BENEFITS OF BEING OUTDOORS Week 2: Water and Mental Health
What is your favorite way to spend time outdoors? Do you like to garden? Walk your dog? Go camping or hiking? Spend time at a beach or lake? These are just a few examples of how we like to enjoy the outdoors.
It turns out, being outside is better for our mental health than our physical health and being near water can actually decrease our levels of anxiety, depression and anger while increasing our brain to experience more empathy, self-awareness and positive emotions. These are the building blocks for making us happier in our lives as a whole.
According to a study done by the Proceedings of the National Academy of Science, more than 50% of people live in an urban environment and by 2050 researchers predict that 70% of people will move to more urban areas. This same study showed an increase in mood disorders within these urban areas.
With so many people working from home now, the less commuting and walking can be detrimental to our mental health. Walking in an urban area is still better than staying sedentary, but the above study showed a significant change in negative self-thought from those who went on a 90-minute walk through a wooded area on a regular basis. Those who spent time near a water feature had even better results.
Water has an effect on the brain similar to meditation. In water, the neurotransmitters that relay stress to the brain, catecholamine neurotransmitters, are actually adjusted and will give you a more Zen-like feeling of calm, peace and harmony. This can help reduce stress and anxiety in the brain and allow the body to relax. Have you ever noticed how your brain and body react when you are near a fountain, pond, running rapids or a waterfall? Check in with your body the next time you come across one of these water features and see how your mind and body shift into a calmer state.
Running water can reduce the stress hormones epinephrine and cortisol which are present in many chronic health diseases. Reducing these hormones also reduces anxiety and depressive states.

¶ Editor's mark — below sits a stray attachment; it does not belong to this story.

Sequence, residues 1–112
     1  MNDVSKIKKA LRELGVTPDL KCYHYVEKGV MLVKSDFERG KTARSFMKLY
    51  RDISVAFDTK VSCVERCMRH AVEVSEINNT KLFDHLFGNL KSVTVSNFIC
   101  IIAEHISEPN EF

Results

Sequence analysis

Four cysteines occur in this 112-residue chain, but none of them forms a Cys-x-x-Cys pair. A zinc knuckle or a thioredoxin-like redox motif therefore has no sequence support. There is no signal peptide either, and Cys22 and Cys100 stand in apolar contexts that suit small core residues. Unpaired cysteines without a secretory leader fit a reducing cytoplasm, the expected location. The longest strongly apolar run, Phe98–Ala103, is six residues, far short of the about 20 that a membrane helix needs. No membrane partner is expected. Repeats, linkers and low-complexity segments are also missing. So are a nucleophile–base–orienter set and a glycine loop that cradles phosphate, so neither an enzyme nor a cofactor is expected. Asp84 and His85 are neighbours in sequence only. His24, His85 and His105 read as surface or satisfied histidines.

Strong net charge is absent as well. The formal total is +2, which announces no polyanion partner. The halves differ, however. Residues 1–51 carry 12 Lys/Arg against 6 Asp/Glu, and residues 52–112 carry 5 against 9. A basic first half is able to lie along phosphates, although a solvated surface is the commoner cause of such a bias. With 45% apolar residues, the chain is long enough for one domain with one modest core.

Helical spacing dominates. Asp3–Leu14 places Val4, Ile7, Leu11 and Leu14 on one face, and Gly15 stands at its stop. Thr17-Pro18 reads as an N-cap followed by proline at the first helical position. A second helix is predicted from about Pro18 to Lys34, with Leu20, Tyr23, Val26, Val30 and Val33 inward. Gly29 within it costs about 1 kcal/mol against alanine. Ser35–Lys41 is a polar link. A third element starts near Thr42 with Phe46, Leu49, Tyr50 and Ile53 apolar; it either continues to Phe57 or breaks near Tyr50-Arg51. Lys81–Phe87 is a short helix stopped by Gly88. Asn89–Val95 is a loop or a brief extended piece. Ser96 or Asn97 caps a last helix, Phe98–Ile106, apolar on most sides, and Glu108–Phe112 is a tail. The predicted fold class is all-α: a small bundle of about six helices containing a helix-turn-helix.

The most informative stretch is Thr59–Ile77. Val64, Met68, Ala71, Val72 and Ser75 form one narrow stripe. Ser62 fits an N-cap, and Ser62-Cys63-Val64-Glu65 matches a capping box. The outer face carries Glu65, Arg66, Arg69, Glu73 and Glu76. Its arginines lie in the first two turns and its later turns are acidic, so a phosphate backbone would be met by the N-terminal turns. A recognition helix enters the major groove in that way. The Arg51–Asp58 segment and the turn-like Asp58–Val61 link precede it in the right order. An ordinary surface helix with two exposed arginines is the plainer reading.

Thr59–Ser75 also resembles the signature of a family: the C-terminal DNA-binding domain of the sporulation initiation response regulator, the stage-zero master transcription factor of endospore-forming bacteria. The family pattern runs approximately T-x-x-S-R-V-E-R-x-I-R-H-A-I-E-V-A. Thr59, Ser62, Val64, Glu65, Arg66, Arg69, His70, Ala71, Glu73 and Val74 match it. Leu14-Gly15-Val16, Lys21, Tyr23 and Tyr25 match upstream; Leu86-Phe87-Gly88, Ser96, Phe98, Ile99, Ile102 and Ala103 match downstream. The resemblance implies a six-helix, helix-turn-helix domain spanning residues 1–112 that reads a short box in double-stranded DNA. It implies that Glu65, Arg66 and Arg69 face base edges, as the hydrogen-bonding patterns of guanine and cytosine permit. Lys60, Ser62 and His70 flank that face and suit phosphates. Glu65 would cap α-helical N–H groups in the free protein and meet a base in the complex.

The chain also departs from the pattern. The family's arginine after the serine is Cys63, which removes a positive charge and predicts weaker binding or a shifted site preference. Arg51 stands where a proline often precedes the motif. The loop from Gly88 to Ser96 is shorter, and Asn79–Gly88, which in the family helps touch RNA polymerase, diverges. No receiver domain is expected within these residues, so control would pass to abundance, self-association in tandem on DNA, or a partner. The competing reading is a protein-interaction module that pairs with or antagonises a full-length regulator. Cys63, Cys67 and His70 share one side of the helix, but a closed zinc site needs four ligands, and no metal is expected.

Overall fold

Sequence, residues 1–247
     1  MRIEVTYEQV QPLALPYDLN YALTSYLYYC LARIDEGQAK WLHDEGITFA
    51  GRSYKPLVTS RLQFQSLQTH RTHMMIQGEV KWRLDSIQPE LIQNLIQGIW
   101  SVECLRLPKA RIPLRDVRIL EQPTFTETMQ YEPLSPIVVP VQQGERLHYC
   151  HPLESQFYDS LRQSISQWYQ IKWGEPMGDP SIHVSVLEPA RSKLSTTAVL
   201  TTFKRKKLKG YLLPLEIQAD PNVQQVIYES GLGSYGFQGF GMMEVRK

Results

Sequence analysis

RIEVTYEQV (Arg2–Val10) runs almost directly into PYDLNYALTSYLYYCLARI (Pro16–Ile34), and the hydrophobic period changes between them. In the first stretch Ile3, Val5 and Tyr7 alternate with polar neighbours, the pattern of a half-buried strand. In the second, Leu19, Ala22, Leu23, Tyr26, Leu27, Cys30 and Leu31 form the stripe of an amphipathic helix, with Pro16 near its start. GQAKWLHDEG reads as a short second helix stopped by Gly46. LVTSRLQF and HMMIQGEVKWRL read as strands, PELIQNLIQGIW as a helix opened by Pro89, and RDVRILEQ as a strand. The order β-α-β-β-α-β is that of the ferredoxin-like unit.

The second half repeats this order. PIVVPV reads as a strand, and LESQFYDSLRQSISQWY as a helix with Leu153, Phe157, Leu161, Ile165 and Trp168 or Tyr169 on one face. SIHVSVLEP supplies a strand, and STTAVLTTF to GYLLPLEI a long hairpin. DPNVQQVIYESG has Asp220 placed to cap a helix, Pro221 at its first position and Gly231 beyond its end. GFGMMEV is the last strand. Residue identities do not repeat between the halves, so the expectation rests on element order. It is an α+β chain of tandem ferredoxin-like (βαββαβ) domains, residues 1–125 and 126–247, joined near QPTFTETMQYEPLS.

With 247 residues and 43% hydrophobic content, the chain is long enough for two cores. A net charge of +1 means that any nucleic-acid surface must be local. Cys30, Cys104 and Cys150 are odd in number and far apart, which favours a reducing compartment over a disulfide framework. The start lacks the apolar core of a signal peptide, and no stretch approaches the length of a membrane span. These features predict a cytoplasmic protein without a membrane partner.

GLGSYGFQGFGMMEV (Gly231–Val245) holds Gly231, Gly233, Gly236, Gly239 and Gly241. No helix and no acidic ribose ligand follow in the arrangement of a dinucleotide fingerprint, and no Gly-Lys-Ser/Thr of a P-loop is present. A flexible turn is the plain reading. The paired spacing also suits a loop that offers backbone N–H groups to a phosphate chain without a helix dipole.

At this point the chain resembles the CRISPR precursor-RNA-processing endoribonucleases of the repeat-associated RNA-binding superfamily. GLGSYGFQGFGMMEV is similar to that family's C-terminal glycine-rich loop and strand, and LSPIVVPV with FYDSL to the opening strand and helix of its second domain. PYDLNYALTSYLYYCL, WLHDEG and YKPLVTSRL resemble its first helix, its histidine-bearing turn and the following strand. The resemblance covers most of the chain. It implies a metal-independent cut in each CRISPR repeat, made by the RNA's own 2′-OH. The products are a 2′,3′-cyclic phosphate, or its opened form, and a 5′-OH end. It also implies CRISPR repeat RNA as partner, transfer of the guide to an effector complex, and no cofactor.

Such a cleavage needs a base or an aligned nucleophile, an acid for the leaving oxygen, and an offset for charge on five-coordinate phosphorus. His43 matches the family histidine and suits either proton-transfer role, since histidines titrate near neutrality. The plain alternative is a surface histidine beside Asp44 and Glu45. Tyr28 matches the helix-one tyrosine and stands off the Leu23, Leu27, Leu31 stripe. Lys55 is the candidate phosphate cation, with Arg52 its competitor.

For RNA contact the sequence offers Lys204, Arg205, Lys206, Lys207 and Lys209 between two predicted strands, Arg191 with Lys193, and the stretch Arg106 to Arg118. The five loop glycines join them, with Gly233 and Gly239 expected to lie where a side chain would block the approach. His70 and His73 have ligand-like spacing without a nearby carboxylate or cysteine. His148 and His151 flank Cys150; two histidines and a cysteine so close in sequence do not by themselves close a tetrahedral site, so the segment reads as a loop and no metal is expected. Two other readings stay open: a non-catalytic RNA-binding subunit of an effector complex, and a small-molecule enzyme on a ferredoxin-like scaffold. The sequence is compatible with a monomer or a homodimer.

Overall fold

Water also releases negatively charged ions into the air and that combats those free radicals which then purifies the air. The boosted negative ions can increase your serotonin levels which will also lower stress and depression. Your energy, alertness and concentration will all increase when you are near water.
Being outdoors can lift your mood and lower anxiety as well as increase your immunity. Those who spend more time in nature have shown better cognitive functions and positive moods. Nature has a way of improving focus and creativity as well as helping lower anxiety and depression.
One of the ways nature does this is by offering less stimuli around us and fewer things calling for our attention. When you can be in this state, you can fully relax your mind, body and soul. Humans need to feel connected to the natural world and being outside helps us tune into ourselves and our needs.
According to Dr. Lynne M. Kostiuk, a Registered Psychologist, “Nature goes at a completely different pace than what we’ve created for ourselves nowadays,” she says. “It slows us down, lets us pay attention to different things, and let go of others. It gives us a chance to just enjoy ‘being’.”
The easiest way to do this is to find a body of water near you and sit next to it. Ponds, lakes, streams, waterfalls, fountains and even a backyard mini fountain can all increase your happy meter. Urban fountains with spouting water are engineered to mimic nature, but also create some fun and playfulness for your mind to relax. Ponds, lakes and oceans can help you focus on the waves coming in and out giving you a deep meditative feel. It is so easy to lose yourself in listening to the waves and watching them for a time and just ‘being’ with the water.